Today, ABS is working with leading companies that are pioneering LNG as marine fuel in the United States – Harvey Gulf’s OSVs and TOTE’s new construction of two LNG powered container carriers and their conversion of the ORCA class trailerships. Other organizations such as Horizon Lines and Interlake Steamship are working with ABS to look at conversion of existing vessels. ABS also is assisting Staten Island Ferries and BC Ferries as they study the feasibility of adopting LNG as fuel. And other organizations are reviewing the feasibility and requirements to construct “LNG ready” vessels. The newly formed ABS Gas Solutions team is undertaking a wide-ranging initiative to help vessel owners decide if LNG as a fuel is the right choice for their particular needs. This effort looks across issues such as operations, bunkering requirements, and safety considerations for specific vessels. As part of the scope of work, this team also is addressing the larger infrastructure needs and availability, training requirements, feasibility study criteria and economic modeling.
Much of your career has been spent in a regulatory role. Your current billet involves oversight of shipping rules and building standards – just to name a few areas of responsibility. That said; pick out one piece of advice for the domestic maritime industry that would benefit all stakeholders.
My advice to the domestic marine industry is to be leaders. Our maritime industry should want to lead rather than follow as the next generation of ships, rigs, marine terminals and services rolls out. Embrace new ideas to fully reap the benefits that come with being first. The maritime industry is a global industry, so good ideas are surfacing from everywhere. The key is for our domestic maritime industry to keep abreast of potential advancements and strive to make the best ideas a reality for our society to enjoy. We have the capacity and the marketplace to institutionalize new standards for marine trade and offshore energy development. The government agencies and ABS are ready, willing and able to support and validate new designs, innovative management, and frontier development. One of the particular values of a strong US-based class society such as ABS is its ability to support industry leaders with technically skilled people, research, and information sharing – across the public-private sector division as well as among industry competitors with the appropriate sensitivity for intellectual property.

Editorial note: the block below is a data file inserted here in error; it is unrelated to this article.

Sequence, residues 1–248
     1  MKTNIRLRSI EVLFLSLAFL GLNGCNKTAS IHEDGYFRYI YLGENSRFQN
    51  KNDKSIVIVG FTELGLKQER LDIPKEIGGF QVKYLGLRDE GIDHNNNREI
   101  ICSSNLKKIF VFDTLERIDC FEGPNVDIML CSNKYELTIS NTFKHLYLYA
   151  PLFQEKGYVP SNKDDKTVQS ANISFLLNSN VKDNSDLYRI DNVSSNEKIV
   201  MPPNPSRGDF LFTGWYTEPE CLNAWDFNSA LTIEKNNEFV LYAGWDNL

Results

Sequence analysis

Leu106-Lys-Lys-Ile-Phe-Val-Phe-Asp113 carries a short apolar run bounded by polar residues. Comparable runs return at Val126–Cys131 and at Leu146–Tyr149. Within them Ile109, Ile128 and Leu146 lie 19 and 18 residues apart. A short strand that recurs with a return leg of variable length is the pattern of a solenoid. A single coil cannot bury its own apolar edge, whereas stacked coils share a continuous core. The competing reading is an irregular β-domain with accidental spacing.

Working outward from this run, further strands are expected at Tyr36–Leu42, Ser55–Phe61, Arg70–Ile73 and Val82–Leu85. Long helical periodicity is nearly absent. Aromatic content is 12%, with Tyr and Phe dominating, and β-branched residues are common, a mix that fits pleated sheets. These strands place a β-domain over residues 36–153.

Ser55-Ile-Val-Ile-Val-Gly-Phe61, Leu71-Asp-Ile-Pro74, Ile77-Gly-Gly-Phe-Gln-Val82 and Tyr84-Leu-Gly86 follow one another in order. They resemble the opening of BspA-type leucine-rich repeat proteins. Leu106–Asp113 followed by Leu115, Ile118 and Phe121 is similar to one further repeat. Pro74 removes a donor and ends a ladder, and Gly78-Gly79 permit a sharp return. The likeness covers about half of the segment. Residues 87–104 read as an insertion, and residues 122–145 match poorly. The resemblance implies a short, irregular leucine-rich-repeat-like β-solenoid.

I experienced this phenomenon firsthand as a Coast Guard officer and as BSEE director. Now I have a great opportunity to facilitate this important role of ABS from within. Here at ABS, we are bounded only by the industry’s desire to move forward. In my first two months at ABS, I’ve already had the great pleasure of meeting with some of the captains of our industry. They are optimistic, dedicated and hardworking people. I’m looking forward to assisting them via my role at ABS as we turn another page in the great maritime history of the Americas.
(As published in the January 2014 edition of Marine News - www.marinelink.com)